|Oracle® Clusterware Installation Guide
11g Release 1 (11.1) for Microsoft Windows
|PDF · Mobi · ePub|
This appendix provides additional information about configuring raw devices to deploy Oracle Database with Oracle Real Application Clusters. You must configure raw devices if you do not use Automatic Storage Management (ASM) or an Oracle Cluster File System. The topics in this appendix are:
Oracle Database supports the use of raw devices for Oracle files on Windows 2000 and Windows Server 2003. You can partition a raw device to store data and control files. You can also use the entire raw device to store data. You can create partitions on Windows by using the Disk Management utility,
Diskmgmt.msc. To access this utility:
Select Run... from the program list.
In the Run dialog box, type
If you want to use Database Configuration Assistant (DBCA) to create a database on raw storage, that is, without using ASM or an Oracle Cluster File System, then you must configure raw devices as described in this section. These devices are in addition to the OCR and voting disk required to install Oracle Clusterware. Create these devices before running Oracle Universal Installer to install Oracle Database 11g software. DBCA cannot create an Oracle RAC database unless you have properly configured the following devices:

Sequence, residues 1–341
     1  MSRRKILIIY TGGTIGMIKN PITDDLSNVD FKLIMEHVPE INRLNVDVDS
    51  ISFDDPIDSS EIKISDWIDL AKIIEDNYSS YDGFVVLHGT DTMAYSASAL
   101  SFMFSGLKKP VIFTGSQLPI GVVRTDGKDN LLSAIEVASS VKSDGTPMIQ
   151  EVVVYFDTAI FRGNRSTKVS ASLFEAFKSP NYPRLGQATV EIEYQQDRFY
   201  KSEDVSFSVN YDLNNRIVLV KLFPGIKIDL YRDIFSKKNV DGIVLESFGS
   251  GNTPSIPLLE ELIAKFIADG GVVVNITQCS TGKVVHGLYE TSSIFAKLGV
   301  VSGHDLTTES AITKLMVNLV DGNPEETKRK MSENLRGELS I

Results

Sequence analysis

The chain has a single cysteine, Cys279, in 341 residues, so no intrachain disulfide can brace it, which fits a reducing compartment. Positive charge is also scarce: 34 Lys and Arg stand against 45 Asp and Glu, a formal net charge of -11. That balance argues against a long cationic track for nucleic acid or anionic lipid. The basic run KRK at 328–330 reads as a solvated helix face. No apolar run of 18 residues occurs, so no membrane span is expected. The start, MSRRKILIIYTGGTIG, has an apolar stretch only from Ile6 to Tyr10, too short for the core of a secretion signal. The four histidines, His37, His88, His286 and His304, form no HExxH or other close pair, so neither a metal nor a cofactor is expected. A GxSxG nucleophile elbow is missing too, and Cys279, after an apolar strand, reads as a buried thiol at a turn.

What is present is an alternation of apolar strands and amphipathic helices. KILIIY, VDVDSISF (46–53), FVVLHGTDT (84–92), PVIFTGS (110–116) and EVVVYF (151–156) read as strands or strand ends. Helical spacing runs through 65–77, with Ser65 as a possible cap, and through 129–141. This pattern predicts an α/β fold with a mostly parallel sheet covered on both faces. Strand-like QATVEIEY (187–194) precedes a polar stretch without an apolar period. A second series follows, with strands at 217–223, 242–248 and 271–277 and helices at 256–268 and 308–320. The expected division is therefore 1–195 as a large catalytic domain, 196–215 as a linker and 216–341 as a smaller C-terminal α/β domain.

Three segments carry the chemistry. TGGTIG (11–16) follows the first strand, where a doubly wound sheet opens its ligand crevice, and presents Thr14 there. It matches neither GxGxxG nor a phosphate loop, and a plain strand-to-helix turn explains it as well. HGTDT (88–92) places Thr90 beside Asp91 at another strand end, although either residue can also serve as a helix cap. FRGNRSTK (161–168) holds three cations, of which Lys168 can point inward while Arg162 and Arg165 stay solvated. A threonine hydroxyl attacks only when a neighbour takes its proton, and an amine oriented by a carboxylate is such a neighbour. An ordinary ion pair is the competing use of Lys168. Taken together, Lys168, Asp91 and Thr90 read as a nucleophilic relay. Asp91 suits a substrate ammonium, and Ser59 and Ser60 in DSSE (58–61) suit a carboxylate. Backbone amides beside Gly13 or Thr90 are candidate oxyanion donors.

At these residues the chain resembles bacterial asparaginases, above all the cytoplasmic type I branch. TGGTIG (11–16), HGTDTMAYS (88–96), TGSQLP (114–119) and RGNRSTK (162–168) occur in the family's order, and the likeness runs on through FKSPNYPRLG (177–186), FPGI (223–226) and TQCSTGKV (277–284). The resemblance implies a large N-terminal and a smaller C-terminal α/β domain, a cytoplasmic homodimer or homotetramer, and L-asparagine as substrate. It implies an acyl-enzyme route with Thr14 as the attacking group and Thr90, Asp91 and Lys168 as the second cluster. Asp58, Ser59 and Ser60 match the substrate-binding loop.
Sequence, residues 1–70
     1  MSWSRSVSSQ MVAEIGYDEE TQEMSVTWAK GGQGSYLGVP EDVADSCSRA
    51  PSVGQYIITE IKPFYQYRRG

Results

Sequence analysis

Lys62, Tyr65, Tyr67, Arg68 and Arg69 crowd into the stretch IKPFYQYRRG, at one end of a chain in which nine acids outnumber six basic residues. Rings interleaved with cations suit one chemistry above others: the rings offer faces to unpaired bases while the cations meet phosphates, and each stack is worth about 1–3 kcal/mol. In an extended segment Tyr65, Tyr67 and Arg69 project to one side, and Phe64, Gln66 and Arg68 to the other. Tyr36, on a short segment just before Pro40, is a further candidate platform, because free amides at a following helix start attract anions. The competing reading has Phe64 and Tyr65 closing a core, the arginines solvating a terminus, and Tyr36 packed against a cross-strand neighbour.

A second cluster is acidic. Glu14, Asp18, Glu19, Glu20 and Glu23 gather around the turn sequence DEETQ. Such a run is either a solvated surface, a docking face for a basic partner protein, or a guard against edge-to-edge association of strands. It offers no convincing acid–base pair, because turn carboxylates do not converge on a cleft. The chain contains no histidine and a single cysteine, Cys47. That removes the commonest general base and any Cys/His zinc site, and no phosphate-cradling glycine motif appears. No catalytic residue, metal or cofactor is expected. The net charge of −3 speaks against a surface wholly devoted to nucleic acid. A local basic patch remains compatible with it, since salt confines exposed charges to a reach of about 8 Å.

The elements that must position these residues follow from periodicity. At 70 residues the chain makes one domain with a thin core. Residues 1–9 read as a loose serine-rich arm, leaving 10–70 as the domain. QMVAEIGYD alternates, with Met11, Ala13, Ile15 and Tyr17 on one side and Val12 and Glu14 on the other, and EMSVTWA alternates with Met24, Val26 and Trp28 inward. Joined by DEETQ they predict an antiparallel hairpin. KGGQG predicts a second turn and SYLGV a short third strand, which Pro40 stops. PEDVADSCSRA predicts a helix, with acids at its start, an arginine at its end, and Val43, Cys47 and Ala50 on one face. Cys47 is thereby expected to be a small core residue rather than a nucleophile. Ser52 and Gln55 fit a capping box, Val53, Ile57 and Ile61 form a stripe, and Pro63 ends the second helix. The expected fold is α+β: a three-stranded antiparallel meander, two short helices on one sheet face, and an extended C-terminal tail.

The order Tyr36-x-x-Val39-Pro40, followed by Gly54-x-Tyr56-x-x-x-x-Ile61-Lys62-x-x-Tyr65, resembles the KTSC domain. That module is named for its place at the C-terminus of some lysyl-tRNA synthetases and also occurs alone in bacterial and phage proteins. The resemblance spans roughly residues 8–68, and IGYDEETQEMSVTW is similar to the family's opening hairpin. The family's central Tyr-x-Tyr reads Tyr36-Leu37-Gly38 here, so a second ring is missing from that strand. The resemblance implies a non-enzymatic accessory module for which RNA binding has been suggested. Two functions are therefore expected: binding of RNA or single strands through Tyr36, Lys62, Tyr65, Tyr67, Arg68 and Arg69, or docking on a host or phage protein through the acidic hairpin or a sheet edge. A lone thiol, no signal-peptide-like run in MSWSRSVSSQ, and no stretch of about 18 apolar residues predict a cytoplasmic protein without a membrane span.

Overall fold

Four raw devices for four tablespace data files
At least two raw devices for control files
One raw device for each instance for its own tablespace for automatic undo management
At least two raw devices for redo log files for each instance
One raw device for the server parameter file
Note:Each instance has its own redo log files, but all instances in a cluster share the control files and data files. In addition, each instance's online redo log files must be readable by all other instances to enable recovery.
If you are planing to install Oracle RAC, then before you install, you should create enough partitions of specific sizes to support your database, and also leave a few spare partitions of the same size for future expansion. For example, if you have space on your shared disk array, then select a limited set of standard partition sizes for your entire database. Partition sizes of 100 MB, 500 MB, and 1 GB are suitable for most databases. Also create a few very small and a few very large spare partitions that are, for example, 10 MB and perhaps 5 GB or greater in size. Based on your plans for using each partition, determine the placement of these spare partitions by combining different sizes on one disk, or by segmenting each disk into same-sized partitions.
Note:Ensuring that there are spare partitions enables you to perform emergency file relocations or additions if a tablespace data file becomes full.